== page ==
District of Columbia v. Heller

Posted: December 27, 2014 by beguide in case summaries, Guns


WHAT HAPPENED: Washington, D.C. passed local statutes that put significant limitations on the private ownership of handguns. While citizens could own handguns, a person’s ability to obtain a permit was severely limited and owners had to disassemble handguns even in the owner’s house. Heller was one of a collection of persons who sought to overrule the statute because they couldn’t get/own a gun.

WHY IS THIS BEFORE THE SUPREME COURT: The Second Amendment preserves everyone’s ability to “bear arms”, but frankly, bear arms could mean anything from your ability to serve in a militia or your ability to possess guns even if you aren’t mentally or legally fit to own a gun. After leaving this decision up in the air for 50 some-odd years, the Supreme Court took this case to properly interpret the meaning of the Second Amendment approximately 275 years after the amendment was first written.

WHAT ARE THE RAMIFICATIONS OF THIS DECISION: The interpretation of the Second Amendment mostly; however, the decision of the Court was a little narrower than you may expect. The Court was most aptly determining whether or not a City or State could outlaw the private ownership of handguns, within reasonable limitations such as requiring permits or concealed weapon permits. So while the decision prevented the government from banning private ownership of guns, it did not authorize the universal ownership of guns, Mad-Max style.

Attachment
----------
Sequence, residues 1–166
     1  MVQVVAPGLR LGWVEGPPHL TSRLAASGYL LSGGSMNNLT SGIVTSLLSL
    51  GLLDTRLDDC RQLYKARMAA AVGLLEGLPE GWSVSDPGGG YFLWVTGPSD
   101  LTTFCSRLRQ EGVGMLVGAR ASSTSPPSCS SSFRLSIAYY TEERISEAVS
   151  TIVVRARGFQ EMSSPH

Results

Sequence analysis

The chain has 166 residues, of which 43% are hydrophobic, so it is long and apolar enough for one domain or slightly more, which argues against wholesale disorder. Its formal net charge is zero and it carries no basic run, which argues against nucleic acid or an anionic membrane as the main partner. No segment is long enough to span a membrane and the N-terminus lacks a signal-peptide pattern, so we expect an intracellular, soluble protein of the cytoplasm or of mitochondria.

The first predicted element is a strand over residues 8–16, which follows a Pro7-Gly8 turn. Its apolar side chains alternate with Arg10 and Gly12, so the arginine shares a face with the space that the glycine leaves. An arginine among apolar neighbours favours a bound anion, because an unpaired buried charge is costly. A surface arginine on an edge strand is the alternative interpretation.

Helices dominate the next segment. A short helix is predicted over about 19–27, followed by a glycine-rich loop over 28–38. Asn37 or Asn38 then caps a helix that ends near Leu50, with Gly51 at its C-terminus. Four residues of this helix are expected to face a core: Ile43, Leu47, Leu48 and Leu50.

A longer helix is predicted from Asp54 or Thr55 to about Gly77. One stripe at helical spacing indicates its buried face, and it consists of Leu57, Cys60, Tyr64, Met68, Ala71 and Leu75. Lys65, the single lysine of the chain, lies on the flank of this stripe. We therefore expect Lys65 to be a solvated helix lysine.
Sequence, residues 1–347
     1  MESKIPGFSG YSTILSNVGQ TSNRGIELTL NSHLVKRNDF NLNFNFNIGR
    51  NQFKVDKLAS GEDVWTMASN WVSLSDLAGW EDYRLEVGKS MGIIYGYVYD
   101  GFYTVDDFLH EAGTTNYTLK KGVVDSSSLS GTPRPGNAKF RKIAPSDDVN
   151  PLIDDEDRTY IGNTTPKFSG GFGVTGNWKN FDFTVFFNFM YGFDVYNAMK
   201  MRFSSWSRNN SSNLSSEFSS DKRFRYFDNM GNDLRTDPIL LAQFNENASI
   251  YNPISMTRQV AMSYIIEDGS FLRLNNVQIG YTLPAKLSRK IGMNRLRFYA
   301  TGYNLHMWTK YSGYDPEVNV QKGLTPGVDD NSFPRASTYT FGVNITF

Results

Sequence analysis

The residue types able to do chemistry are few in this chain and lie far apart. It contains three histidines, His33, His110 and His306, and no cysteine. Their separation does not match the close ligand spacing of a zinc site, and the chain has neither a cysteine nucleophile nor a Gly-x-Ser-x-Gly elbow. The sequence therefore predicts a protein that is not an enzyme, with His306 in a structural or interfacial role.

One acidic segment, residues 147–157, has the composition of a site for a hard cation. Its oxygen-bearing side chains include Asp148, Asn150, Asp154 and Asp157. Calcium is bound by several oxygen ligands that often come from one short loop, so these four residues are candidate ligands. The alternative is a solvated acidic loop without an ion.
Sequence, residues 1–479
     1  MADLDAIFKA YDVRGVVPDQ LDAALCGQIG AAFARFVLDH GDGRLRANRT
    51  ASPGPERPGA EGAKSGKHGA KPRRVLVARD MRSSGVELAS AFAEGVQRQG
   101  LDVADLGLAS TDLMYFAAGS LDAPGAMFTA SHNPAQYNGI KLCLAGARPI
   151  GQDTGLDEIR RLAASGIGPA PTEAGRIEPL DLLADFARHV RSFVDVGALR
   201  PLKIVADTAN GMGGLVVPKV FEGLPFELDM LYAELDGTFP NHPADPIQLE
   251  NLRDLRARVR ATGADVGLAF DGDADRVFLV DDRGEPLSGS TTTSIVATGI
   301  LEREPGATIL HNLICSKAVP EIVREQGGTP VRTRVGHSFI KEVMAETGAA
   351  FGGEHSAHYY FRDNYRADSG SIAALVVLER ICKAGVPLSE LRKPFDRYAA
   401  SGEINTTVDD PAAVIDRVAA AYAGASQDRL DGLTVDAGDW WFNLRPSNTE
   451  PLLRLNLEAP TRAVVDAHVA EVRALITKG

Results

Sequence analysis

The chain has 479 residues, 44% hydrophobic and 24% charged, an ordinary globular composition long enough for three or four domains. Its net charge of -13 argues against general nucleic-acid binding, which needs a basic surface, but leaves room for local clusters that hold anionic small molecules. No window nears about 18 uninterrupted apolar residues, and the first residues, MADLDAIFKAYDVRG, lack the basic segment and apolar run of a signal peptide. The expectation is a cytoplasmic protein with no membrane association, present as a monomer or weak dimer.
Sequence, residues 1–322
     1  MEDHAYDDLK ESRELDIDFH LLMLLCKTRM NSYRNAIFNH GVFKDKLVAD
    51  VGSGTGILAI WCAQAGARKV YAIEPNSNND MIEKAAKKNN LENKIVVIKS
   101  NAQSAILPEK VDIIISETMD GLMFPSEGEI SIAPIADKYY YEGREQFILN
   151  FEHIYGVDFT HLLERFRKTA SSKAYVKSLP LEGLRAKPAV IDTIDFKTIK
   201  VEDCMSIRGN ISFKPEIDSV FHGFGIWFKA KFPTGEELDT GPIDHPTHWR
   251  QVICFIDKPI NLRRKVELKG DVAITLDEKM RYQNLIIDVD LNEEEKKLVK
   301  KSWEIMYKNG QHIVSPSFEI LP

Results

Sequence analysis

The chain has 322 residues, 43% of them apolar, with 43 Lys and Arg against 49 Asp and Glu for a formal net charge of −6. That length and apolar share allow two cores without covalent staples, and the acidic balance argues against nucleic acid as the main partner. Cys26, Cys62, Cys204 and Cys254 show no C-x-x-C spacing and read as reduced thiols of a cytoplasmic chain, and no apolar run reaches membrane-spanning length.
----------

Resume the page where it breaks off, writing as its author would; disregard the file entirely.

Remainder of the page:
WHAT WAS THE RULING: The Court ruled 5-4 in favor of Heller and held that the Washington could not bar the private ownership of handguns in the manner that was done in this case. Justice Scalia wrote the majority opinion which stated that the Second Amendment guarantees the right to possess a gun independent of one’s participation in a militia. In usual Scalia fashion, the majority opinion focused on the history of the Second Amendment and the purpose of the law at the time it was drafted. The Court stated that citizens have the right to possess handguns, which are the most popular firearms in America, and the Washington statute created an unreasonable burden on that right. The dissenting opinion, written by Justice Stevens, stated that the majority decision was inconsistent with precedent and was an unreasonable upheaval of the law. This decision was the first time that the Court preserved that right and the dissenting opinion did not see a reason why the Court made this decision at this point in time.

THE GOOD GUYS WON IF YOU: legally own guns and feel strongly about the private ownership of guns even if millions of people die from them every year.

THE BAD GUYS WON IF YOU:  are OK sacrificing freedom for security.

WHO WAS RIGHT: Hard to say really. Brett believed that States should have the right to do what they want, whereas Nazim had a hard time getting past the thought of technology being included in the Constitution. Since neither of those considerations were addressed by the Court, let’s say it’s a loss for everyone.


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